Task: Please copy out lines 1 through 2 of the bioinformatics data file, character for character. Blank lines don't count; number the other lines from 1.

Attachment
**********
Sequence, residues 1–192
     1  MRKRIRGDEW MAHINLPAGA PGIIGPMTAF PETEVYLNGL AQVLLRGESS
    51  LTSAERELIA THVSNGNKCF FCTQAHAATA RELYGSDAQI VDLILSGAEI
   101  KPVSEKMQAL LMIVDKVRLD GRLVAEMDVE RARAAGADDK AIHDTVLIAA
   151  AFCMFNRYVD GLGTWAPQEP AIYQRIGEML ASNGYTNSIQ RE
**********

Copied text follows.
Sequence, residues 1–192
     1  MRKRIRGDEW MAHINLPAGA PGIIGPMTAF PETEVYLNGL AQVLLRGESS